• Saturday, July 13, 2024
businessday logo


New law creates opportunities for facemask sellers, producers


Chioma Okeke, 26, who works in one of the investment banks in Lekki, Lagos, was seen cleaning her sewing machine parked in her house for nearly three months.

She had watched in the local news that the government had signed a bill enforcing the compulsory wearing of facemask for its over 200 million citizens, and, exhibiting her fashion skills in making some of the items, would enable her make extra income.

“I used to make some then, making good cash. However, the demand started falling with the declining number of COVID-19 cases, so, I had to stop,” she said happily to one of our correspondents, as she attended to her chores.

The same is with Ekiti-born Gbemi Simisola, who had rushed to the bank, Thursday morning, to get some cash.

She sells some Personal Protective Equipment (PPE) like facemasks and hand sanitizers around Cele Express area of Lagos, and the new development means she would need to stock her shop to meet up with demands.

“I fear prices may go up soon. Rather than having my money sit idle in the bank, I better buy to have enough to sell,” she said, noting she was on our way to a distributor.

Nigeria’s President Muhammadu Buhari on Wednesday assented to the COVID-19 Disease Health Protection 2021 Bill, making it mandatory for people to wear facemasks in public.

The law also criminalises non-wearing of facemask in public, with defaulters, risking six months jail term.

The decision by the president to enact the law follows increasing cases of infections in what could be described as a second wave of the virus, hence, enforcing the use of facemasks will help check the spread of the virus and save Nigeria’s already overwhelmed health sector.

A total infection case of 126,160 has been recorded, with average daily cases reaching 1,500, forcing the government to reopen already closed isolation centres.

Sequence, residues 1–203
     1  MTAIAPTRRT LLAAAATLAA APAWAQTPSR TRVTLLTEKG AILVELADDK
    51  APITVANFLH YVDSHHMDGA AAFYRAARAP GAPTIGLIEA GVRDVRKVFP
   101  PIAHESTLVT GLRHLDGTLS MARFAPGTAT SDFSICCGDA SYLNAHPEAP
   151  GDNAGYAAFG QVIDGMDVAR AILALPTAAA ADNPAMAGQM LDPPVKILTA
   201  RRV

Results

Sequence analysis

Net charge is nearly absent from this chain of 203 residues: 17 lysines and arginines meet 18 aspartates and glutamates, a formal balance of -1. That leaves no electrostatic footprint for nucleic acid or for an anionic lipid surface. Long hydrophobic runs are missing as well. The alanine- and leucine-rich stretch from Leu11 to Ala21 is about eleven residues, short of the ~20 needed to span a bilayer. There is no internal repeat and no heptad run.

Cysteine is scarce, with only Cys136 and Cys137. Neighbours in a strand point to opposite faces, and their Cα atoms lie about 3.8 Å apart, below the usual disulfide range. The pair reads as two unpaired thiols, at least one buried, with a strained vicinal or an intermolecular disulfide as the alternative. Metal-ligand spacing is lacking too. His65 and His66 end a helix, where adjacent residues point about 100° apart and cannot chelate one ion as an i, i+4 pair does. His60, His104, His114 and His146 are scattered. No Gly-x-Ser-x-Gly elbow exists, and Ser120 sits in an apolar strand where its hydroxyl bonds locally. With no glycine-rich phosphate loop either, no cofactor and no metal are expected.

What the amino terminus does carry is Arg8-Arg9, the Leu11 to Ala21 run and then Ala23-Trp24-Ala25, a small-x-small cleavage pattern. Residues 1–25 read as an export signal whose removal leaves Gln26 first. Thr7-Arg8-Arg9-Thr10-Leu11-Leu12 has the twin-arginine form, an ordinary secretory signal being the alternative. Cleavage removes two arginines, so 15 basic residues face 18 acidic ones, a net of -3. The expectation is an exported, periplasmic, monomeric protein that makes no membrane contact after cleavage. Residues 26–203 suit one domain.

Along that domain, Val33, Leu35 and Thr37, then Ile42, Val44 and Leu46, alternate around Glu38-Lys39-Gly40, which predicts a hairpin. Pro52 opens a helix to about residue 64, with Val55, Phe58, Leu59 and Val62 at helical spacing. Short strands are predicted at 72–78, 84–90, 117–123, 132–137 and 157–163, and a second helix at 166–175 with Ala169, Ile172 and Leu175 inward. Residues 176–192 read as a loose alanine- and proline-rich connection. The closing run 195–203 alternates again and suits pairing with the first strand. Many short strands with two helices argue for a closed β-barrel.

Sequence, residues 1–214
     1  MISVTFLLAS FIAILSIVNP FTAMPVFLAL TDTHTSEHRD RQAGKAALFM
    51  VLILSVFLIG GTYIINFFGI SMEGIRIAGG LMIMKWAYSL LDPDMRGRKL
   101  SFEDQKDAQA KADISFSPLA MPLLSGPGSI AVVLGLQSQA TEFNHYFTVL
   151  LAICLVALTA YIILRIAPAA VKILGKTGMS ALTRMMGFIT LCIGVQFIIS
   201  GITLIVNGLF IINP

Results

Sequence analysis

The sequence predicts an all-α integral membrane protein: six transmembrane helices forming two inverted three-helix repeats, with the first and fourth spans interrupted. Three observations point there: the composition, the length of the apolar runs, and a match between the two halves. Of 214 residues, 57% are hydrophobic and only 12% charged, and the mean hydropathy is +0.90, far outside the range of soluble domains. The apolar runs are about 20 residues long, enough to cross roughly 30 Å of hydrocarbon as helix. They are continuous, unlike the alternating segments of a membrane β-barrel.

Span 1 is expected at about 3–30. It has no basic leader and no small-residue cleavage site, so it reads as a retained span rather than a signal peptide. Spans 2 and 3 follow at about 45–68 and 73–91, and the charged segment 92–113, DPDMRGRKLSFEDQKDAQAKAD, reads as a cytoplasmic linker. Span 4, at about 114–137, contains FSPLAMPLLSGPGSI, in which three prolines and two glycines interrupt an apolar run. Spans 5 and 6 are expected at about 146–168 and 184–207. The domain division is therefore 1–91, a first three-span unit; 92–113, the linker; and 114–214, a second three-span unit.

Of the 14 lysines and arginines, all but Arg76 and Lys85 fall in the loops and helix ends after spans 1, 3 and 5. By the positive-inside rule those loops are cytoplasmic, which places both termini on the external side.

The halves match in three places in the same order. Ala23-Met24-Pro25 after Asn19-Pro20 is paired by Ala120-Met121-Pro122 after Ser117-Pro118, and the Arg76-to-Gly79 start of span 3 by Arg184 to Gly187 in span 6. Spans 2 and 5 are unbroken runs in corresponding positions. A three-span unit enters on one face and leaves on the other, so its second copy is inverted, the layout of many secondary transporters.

Demand for oxygen has soared to an average of 350 daily from about 75, with Babajide Sanwo-Olu, governor of Lagos State, directing medical practitioners to treat all malaria patients as Covid-19, pointing to how serious the situation might have been with the government using all its arsenals in ensuring that Nigerians obliged with the new law.

But aside from the broader picture of keeping the spread of the virus at bay, development analysts who spoke with BusinessDay note the move to open further opportunities for investors of the item to meet the growing demand.

That would also create employment for some Nigerians who are jobless at present, as facemasks producing firms would need more hands to meet increased demand. It would also rub off on the employed and underemployed who fall in the same league as Okeke, as they are opened to extra source of income.

“With full compliance of the law, we should expect more money in the form of increased sales from producers and sellers of the facemask,” according to an analyst.

The first wave of the pandemic saw tailors in Aba, Nigeria’s South Eastern commercial hub, swing into action, using local fabrics, cotton and polypropylene to sew PPEs for people looking to protect themselves.

Many Nigerians with sewing skills also joined the train, designing colourful facemasks that match their clothes to meet growing trends of fashion.

That saved the country from impending dangers from the crash in the supply of PPEs caused by the lockdown of factories in advanced countries, particularly China.

At the time, there was not too much compulsion from the government as opposed to it being law with the president’s signature.

“The demand for facemasks is expected to rise across the nation, particularly in states that have not taken the mask culture to heart,” said Ayorinde Akinloye, an investment research analyst at United Capital Group.

“Meanwhile, at what rate the increase in demand would be depends on the level of government enforcement. I don’t expect a similar price spike as we saw at the start of the pandemic,” Akinloye said.